This week's book review focuses on the title Rights of Prisoners by Professor Michael B. Mushlin. The author's goal is “to set out in one place a comprehensive description of the complex body of law that has developed governing the law of prisoners' rights in the United States.” Students enrolled in the U.W. Law School's Remington Center clinical program to provide legal assistance to institutionalized persons (LAIP) may find this four volume set particularly useful.
A summary of the set's contents include:
v.1. Prisoners' rights: historical background and general overview --
Prisoners' rights: overview of prisoner rights law -- The Eighth
Amendment: solitary confinement, prevention of violence, protection
against overcrowding, and provision of the necessities of life -- The
Eighth Amendment: medical care -- Equal protection clause:
v.2. Communication and expression: speech in
prison -- First Amendment rights: religion -- Prison labor -- Fourth
Amendment rights: privacy and related issues -- Disciplinary proceedings.
v.3. Classifications, transfers, and detainers -- Access to courts
-- Visiting -- Personal correspondence: mail, telephone, email -- Access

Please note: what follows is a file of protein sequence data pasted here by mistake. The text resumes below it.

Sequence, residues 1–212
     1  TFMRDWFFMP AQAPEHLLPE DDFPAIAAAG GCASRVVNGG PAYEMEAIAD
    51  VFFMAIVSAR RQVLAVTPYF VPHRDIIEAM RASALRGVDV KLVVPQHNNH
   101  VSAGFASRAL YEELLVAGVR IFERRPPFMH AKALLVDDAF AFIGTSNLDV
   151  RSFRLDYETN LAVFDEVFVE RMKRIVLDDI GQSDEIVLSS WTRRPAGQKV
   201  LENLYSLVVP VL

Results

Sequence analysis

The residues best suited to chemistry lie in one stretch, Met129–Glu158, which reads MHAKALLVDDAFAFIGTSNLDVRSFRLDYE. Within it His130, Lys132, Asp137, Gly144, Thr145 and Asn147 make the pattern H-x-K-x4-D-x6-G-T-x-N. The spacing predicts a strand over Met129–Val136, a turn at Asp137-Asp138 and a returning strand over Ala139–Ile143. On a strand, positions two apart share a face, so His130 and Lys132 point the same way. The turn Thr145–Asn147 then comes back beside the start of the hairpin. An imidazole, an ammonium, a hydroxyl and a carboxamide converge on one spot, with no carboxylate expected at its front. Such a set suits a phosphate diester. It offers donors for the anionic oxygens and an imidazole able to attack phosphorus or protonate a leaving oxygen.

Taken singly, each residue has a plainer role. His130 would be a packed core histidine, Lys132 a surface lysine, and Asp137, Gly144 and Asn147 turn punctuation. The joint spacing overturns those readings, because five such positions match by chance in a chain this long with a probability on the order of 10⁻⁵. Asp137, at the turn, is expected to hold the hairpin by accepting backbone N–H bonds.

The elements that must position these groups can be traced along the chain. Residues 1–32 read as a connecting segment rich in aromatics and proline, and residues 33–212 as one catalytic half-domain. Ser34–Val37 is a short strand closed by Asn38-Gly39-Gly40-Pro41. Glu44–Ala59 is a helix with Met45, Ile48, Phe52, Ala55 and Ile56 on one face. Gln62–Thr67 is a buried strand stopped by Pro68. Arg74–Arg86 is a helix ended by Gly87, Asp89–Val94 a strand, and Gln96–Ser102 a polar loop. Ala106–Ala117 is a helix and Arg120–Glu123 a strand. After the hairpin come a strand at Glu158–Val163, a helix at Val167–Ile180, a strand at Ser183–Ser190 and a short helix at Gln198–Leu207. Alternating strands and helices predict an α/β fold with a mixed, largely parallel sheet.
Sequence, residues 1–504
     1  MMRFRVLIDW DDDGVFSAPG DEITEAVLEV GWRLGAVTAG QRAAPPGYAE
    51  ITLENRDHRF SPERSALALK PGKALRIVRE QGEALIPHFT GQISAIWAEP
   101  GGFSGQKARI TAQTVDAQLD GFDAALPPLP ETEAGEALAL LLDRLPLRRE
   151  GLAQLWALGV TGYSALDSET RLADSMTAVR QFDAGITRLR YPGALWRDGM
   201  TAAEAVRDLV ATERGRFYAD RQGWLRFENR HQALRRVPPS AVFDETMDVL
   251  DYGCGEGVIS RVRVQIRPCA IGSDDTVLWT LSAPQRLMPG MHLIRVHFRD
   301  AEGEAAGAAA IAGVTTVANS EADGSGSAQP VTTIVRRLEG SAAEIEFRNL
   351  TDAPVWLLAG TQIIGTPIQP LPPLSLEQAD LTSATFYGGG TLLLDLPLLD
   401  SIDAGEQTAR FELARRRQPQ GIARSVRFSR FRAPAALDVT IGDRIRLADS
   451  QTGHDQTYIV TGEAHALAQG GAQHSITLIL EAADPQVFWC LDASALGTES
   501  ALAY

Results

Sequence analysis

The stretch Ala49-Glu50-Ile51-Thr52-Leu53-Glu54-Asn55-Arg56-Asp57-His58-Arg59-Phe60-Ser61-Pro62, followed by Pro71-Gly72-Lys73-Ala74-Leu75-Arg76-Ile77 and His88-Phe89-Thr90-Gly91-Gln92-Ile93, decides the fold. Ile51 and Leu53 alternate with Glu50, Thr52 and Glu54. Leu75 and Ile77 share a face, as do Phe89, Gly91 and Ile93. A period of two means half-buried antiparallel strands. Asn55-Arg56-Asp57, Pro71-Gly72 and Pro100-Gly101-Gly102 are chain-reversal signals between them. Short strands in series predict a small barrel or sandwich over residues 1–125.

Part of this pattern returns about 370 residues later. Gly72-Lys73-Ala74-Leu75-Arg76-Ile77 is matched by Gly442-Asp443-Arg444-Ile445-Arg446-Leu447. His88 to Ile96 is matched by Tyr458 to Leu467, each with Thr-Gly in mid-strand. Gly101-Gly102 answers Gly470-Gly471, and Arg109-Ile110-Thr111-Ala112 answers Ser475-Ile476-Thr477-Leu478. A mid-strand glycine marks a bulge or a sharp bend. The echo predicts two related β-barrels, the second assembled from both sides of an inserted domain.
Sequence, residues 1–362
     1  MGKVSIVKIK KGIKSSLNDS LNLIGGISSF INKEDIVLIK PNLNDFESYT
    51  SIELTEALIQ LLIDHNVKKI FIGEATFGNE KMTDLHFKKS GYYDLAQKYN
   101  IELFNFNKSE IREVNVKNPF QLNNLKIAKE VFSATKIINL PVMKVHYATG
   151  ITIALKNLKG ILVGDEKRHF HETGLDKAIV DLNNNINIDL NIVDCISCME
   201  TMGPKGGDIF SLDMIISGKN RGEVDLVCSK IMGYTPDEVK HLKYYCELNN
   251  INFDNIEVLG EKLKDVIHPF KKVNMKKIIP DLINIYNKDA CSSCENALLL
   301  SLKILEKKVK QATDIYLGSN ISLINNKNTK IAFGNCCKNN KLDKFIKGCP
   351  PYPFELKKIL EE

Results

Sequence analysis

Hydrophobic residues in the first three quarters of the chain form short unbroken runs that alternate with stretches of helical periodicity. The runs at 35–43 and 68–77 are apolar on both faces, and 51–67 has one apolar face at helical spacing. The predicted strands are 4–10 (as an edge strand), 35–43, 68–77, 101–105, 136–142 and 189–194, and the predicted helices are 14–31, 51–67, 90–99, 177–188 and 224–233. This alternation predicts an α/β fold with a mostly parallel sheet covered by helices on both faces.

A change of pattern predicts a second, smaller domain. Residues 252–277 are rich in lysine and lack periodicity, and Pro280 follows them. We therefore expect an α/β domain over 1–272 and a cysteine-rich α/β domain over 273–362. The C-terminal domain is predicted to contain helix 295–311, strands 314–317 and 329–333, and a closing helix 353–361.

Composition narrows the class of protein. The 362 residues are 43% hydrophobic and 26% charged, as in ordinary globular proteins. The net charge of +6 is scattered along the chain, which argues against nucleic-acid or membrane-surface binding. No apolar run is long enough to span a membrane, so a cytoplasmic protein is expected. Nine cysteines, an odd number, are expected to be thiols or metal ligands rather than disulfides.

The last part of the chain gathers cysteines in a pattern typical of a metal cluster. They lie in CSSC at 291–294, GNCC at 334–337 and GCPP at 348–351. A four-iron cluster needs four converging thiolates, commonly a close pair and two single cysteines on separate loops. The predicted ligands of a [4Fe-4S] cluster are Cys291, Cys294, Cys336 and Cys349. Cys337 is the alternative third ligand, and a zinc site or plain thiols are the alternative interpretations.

to the media -- Civil disabilities -- Prison Litigation Reform Act and
in forma pauperis proceedings.
v.4. Private prisons -- Appendices A-F -- Table of Laws and Rules -- Table of Cases -- Index.
Highlights of the Oct. 2014 update include:
2) continued movement toward implementation of national standards for the prevention of prison rape under PREA;
3) United States Supreme Court granted petition for writ of certiorari to decide whether Arkansas Department of Corrections' grooming policy violates the Religious Land Use and Institutionalized Persons Act in Holt v. Hobbs;
4) the FCC voted to cap cost of long distance rates for phone calls made by prisoners and enact other reforms related to the prison phone industry;
5) In Burnside v. Walters, the Supreme Court vacated and remanded for further consideration a case which raised the issue whether or not an indigent plaintiff who sues in forma pauperis can amend his complaint in ways that are permissible for non-indigent litigants.
The print version of this four volume set is located in the library stacks at: KF9731 G63 2009. The title is also available online via Westlaw under Criminal Law Texts & Treatises.
Submitted by Eric Taylor, Evening Reference Librarian on October 29, 2014
This article appears in the categories: Law Library